5. frankly its a fight without a reason.. a propaganda tool… which gives some people to beat up some other people… plain brainless… i am intruiged to find that you wrote almost the same thing i wrote on my blog… and actually before me… probably we do have a point there… :) hehe…

  6. Well… my father’s a north indian from Benaras in Uttar Pradesh. My mother’s a Kannadiga from Bangalore… her step mom is a Tamil mami from Chennai… now that i think about it, my dadi (father’s mother) was from Rajkot in Gujarat.

    I was born and spent the first few years of my life in Abu Dhabi in the U.A.E. I came to Panchagani, Maharasthra when I was about 12, shifted to Pune in time for junior college, right through to engineering college and then into my present workplace. I’ve been here ever since, and took the opportunity to actually learn Hindi (and Marathi to some extent, though I wouldn’t be very verbose, if you know what I mean).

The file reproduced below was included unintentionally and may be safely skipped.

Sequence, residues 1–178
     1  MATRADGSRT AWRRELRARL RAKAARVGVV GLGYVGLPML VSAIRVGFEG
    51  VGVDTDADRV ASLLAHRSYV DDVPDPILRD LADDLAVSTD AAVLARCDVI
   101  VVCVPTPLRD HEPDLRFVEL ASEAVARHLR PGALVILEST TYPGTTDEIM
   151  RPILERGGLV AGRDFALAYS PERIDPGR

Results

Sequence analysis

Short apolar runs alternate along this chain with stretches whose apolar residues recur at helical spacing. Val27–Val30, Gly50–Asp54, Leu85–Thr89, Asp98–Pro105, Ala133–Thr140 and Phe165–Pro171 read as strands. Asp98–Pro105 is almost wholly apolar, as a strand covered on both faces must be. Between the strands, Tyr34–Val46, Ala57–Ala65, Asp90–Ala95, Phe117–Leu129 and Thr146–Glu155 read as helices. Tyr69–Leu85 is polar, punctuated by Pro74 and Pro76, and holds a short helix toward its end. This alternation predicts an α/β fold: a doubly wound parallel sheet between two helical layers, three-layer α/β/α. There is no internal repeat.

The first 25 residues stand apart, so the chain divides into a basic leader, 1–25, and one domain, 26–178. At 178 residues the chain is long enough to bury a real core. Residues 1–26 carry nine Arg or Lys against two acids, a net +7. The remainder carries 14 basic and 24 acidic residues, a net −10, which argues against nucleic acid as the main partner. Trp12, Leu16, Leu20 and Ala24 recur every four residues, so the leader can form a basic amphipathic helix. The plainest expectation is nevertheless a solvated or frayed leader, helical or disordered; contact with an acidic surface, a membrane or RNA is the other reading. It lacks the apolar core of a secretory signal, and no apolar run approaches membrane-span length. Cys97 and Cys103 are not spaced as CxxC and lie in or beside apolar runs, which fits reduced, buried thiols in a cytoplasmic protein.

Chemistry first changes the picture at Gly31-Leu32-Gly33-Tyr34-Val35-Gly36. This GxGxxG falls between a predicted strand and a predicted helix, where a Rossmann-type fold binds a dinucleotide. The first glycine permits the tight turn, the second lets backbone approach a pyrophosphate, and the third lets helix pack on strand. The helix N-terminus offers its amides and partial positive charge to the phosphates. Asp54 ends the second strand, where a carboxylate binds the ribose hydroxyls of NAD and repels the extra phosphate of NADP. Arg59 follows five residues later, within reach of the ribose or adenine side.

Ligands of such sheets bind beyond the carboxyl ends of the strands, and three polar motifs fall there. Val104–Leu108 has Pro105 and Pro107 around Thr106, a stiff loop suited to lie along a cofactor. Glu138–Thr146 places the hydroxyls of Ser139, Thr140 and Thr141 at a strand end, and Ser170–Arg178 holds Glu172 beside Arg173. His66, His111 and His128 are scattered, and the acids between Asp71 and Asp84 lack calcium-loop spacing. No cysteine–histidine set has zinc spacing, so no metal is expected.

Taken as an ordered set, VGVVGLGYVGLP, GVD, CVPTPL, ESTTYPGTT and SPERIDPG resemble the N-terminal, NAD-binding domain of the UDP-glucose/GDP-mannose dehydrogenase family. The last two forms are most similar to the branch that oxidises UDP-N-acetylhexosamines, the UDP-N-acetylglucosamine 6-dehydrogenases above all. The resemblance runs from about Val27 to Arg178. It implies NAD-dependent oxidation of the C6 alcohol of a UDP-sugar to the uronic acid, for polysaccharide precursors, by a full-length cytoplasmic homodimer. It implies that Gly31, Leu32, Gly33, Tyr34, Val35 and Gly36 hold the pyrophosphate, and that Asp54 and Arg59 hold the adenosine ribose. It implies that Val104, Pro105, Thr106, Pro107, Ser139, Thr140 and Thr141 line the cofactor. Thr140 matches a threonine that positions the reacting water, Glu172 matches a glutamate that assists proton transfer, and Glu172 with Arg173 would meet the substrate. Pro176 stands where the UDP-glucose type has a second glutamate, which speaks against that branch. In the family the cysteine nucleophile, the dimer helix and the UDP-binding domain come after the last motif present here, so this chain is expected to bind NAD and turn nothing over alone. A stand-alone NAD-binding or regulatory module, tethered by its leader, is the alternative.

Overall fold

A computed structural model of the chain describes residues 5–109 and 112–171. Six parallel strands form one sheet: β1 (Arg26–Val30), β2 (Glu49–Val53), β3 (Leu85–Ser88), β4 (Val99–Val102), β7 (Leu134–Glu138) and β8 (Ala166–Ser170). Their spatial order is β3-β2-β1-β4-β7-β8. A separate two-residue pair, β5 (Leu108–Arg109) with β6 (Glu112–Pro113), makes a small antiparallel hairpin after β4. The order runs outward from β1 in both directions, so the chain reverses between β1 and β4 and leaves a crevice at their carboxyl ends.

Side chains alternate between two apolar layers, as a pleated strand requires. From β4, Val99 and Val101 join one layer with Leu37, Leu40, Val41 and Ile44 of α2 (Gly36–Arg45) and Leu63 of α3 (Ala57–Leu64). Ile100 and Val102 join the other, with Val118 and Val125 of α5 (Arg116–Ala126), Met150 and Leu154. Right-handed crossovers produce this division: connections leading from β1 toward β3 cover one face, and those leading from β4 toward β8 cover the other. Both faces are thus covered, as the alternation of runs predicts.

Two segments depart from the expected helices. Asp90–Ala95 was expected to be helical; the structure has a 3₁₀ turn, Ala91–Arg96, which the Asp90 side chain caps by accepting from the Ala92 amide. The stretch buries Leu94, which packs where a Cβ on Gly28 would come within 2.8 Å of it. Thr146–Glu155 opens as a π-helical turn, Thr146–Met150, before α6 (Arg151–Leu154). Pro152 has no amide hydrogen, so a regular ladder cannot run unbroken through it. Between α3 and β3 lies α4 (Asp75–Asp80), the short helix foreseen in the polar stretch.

First person to accurately “categorize” me into a particular region of India gets a nod from me (I think nodding to a guy who achieves the impossible is enough, I’m much too stingy that way :-p).

  7. thanks for that educative post on the languages of the ‘hindi’ belt. i didnot know about angika. maithili and bhojpuri is what my knowledge was limited to. but i know that there is a branch of dravidian languages called central dravidian which has a few fledgeling languages in mp.

    however, awareness of languages is not spontaneous. you have to learn it. you have to acquire it. in school we learnt that there were languages like maithili, avadhi, bhojpuri, santhali and so i know them.

    but to me your post underscores the fears in the south-that modern day economics and politics will eliminate entire identities, cultures and languages.